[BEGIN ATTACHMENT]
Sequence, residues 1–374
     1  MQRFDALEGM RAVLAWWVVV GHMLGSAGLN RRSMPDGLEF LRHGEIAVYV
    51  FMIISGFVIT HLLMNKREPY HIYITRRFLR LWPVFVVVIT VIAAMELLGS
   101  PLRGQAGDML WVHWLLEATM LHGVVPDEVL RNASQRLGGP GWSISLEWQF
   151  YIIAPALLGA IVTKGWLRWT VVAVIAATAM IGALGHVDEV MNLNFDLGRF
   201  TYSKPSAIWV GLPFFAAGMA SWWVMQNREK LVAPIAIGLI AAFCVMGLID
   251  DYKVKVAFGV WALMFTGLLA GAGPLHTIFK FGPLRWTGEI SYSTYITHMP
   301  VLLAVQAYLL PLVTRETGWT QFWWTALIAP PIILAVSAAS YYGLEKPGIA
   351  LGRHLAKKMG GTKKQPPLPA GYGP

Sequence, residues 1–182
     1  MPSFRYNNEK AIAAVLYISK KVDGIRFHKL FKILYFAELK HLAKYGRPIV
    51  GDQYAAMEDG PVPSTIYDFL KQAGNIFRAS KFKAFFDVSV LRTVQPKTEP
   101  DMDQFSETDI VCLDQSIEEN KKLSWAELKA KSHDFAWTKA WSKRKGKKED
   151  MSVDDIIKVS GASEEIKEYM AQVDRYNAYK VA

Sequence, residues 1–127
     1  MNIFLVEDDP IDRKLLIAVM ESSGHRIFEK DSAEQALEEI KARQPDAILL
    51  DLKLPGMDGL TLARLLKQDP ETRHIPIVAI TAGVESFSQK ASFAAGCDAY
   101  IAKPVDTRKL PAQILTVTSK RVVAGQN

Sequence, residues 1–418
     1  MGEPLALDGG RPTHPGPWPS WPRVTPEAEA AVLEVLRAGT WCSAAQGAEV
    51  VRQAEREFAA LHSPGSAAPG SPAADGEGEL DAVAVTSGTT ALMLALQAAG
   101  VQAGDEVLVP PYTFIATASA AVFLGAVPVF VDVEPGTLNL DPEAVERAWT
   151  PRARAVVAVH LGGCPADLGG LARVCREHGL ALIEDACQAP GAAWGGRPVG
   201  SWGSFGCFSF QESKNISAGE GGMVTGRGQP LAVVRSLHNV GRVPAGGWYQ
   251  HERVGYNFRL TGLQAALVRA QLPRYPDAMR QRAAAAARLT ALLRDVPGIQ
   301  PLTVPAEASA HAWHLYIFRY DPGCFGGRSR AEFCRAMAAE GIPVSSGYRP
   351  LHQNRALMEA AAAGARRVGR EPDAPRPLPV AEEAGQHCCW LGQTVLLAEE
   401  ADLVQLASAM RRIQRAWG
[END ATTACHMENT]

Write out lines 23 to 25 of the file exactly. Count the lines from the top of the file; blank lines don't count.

   151  PRARAVVAVH LGGCPADLGG LARVCREHGL ALIEDACQAP GAAWGGRPVG
   201  SWGSFGCFSF QESKNISAGE GGMVTGRGQP LAVVRSLHNV GRVPAGGWYQ
   251  HERVGYNFRL TGLQAALVRA QLPRYPDAMR QRAAAAARLT ALLRDVPGIQ